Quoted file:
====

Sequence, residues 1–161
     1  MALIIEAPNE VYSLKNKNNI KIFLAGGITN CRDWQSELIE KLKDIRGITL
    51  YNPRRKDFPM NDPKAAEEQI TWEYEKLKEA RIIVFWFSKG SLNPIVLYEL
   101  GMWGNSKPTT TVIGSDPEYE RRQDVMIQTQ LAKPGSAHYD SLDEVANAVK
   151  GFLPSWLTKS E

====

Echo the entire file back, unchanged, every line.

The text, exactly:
Sequence, residues 1–161
     1  MALIIEAPNE VYSLKNKNNI KIFLAGGITN CRDWQSELIE KLKDIRGITL
    51  YNPRRKDFPM NDPKAAEEQI TWEYEKLKEA RIIVFWFSKG SLNPIVLYEL
   101  GMWGNSKPTT TVIGSDPEYE RRQDVMIQTQ LAKPGSAHYD SLDEVANAVK
   151  GFLPSWLTKS E